Jules Verne

What could be more conclusive than this last paragraph, which summarized the whole of the document, and proclaimed so absolutely the innocence of the fazender of Iquitos, and which snatched from the gallows this victim of a frightful judicial mistake!

Joam Dacosta, surrounded by his wife, his children, and his friends, was unable to shake the hands which were held out to him. Such was the strength of his character that a reaction occurred, tears of joy escaped from his eyes, and at the same instant his heart was lifted up to that Providence which had come to save him so miraculously at the moment he was about to offer the last expiation to that God who would not permit the accomplishment of that greatest of crimes, the death of an innocent man!

Yes! There could be no doubt as to the vindication of Joam Dacosta. The true author of the crime of Tijuco confessed of his own free will, and described the circumstances under which it had been perpetrated!

By means of the number Judge Jarriquez interpreted the whole of the cryptogram.

And this was what Ortega confessed.

He had been the colleague of Joam Dacosta, employed, like him, at Tijuco, in the offices of the governor of the diamond arrayal. He had been the official appointed to accompany the convoy to Rio de Janeiro, and, far from recoiling at the horrible idea of enriching himself by means of murder and robbery, he had informed the smugglers of the very day the convoy was to leave Tijuco.

During the attack of the scoundrels, who awaited the convoy just beyond Villa Rica, he pretended to defend himself with the soldiers of the escort, and then, falling among the dead, he was carried away by his accomplices. Hence it was that the solitary soldier who survived the massacre had reported that Ortega had perished in the struggle.

But the robbery did not profit the guilty man in the long run, for, a little time afterward, he was robbed by those whom he had helped to commit the crime.

Penniless, and unable to enter Tijuco again, Ortega fled away to the provinces in the north of Brazil, to those districts of the Upper Amazon where the _capitaes da mato_ are to be found. He had to live somehow, and so he joined this not very honorable company; they neither asked him who he was nor whence he came, and so Ortega became a captain of the woods, and for many years he followed the trade of a chaser of men.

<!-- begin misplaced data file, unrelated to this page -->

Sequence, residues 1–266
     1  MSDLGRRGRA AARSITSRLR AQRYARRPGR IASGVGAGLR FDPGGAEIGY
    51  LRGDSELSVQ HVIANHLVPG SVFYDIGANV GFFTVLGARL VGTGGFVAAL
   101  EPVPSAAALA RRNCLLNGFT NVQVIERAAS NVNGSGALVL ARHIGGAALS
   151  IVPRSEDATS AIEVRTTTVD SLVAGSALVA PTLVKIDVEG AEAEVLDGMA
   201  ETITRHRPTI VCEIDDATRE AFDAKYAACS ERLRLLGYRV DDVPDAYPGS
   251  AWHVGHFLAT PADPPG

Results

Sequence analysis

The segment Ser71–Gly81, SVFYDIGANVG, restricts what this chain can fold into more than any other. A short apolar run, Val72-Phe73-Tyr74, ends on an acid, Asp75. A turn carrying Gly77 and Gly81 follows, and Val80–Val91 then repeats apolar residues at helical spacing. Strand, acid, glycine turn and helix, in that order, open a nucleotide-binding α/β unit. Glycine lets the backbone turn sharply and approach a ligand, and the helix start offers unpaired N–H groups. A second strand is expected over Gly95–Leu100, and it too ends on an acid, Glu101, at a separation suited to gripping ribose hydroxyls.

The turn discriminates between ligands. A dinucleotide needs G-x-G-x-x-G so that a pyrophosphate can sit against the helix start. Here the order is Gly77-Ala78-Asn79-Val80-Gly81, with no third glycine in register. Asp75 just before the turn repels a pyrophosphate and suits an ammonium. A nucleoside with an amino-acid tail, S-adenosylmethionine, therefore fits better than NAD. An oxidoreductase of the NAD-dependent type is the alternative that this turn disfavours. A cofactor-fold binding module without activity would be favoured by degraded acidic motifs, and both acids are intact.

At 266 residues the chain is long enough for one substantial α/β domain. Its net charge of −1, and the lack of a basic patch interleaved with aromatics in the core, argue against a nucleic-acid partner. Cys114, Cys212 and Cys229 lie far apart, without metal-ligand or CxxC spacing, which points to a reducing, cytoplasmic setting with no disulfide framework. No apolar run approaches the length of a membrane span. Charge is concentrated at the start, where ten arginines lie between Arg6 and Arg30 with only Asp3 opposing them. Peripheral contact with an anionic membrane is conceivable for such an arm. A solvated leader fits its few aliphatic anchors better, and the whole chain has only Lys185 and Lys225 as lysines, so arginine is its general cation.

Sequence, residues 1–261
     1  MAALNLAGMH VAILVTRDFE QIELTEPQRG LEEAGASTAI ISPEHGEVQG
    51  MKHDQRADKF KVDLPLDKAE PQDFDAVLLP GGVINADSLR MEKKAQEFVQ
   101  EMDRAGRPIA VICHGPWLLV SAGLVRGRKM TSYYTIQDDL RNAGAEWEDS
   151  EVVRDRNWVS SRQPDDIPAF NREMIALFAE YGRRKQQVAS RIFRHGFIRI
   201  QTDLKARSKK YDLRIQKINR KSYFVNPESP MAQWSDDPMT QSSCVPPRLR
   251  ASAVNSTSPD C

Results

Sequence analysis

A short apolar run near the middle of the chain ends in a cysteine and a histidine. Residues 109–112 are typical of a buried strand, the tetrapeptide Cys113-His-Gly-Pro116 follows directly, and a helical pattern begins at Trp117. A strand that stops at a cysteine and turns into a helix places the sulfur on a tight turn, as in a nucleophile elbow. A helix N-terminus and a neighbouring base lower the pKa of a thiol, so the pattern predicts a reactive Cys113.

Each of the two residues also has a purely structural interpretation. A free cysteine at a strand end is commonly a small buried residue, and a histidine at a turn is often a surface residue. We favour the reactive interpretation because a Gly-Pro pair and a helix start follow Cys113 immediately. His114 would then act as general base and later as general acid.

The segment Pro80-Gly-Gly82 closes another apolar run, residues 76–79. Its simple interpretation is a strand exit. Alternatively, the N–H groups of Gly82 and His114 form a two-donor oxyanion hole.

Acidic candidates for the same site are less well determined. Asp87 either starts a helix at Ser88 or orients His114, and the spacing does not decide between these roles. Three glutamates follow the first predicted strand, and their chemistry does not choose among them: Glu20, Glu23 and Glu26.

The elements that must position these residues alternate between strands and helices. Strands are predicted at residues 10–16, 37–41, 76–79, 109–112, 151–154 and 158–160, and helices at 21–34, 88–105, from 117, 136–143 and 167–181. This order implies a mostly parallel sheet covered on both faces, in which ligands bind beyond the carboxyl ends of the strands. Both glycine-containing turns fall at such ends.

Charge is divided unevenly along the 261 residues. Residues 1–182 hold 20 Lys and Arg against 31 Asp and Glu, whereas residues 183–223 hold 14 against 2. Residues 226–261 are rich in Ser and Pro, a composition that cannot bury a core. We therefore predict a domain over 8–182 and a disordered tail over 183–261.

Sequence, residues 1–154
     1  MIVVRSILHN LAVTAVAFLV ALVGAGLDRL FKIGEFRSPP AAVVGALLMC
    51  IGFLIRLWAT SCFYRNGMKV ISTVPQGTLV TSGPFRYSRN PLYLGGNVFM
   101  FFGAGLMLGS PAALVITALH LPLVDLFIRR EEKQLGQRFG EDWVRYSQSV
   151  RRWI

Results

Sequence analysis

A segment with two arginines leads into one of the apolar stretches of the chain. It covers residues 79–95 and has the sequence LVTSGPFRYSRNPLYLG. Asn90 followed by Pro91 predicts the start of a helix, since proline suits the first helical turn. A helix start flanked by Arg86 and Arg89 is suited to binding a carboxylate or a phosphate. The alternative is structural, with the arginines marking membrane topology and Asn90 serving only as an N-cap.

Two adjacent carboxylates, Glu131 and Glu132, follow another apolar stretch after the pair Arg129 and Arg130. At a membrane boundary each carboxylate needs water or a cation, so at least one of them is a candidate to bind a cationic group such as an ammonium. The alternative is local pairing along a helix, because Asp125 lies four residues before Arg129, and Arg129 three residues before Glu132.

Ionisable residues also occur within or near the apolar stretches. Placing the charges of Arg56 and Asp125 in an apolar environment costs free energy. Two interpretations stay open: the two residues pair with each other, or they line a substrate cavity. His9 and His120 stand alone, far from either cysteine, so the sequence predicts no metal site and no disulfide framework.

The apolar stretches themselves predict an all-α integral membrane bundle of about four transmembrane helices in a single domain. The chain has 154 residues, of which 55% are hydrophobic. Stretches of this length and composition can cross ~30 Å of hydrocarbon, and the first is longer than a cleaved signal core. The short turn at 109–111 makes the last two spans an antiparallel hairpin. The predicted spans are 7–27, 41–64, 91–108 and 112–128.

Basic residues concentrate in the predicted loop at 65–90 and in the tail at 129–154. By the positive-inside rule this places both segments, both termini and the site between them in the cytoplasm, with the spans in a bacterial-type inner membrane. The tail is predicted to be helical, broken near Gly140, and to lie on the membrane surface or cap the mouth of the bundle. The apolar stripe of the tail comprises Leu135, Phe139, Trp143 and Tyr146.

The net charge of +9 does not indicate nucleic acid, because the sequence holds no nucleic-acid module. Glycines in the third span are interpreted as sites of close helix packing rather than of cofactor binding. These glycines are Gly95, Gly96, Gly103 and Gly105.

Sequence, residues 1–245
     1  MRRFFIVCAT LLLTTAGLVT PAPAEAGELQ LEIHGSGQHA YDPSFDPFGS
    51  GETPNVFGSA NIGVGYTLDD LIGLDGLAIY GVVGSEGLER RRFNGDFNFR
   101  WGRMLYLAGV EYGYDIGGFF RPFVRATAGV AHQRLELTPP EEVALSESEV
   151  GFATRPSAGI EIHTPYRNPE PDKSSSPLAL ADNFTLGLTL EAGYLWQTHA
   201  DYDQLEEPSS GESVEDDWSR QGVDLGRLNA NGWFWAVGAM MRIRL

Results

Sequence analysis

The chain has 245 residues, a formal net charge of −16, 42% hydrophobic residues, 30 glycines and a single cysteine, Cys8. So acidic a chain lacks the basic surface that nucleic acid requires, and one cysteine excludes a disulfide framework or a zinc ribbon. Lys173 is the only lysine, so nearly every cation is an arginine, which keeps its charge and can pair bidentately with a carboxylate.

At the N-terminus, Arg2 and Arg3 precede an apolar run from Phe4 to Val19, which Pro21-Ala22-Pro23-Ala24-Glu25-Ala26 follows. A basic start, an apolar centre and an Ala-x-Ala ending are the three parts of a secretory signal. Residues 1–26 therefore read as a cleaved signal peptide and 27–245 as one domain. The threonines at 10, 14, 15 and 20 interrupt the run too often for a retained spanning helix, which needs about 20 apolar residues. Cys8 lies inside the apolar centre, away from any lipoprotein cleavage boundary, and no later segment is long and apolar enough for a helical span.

During this time Torres, the adventurer, himself in absolute want, became his companion. Ortega and he became most intimate. But, as he had told Torres, remorse began gradually to trouble the scoundrel's life. The remembrance of his crime became horrible to him. He knew that another had been condemned in his place! He knew subsequently that the innocent man had escaped from the last penalty, but that he would never be free from the shadow of the capital sentence! And then, during an expedition of his party for several months beyond the Peruvian frontier, chance caused Ortega to visit the neighborhood of Iquitos, and there in Joam Garral, who did not recognize him, he recognized Joam Dacosta.

Henceforth he resolved to make all the reparation he could for the injustice of which is old comrade had been the victim. He committed to the document all the facts relative to the crime of Tijuco, writing it first in French, which had been his mother's native tongue, and then putting it into the mysterious form we know, his intention being to transmit it to the fazender of Iquitos, with the cipher by which it could be read.

Death prevented his completing his work of reparation. Mortally wounded in a scuffle with some negroes on the Madeira, Ortega felt he was doomed. His comrade Torres was then with him. He thought he could intrust to his friend the secret which had so grievously darkened his life. He gave him the document, and made him swear to convey it to Joam Dacosta, whose name and address he gave him, and with his last breath he whispered the number 432513, without which the document would remain undecipherable.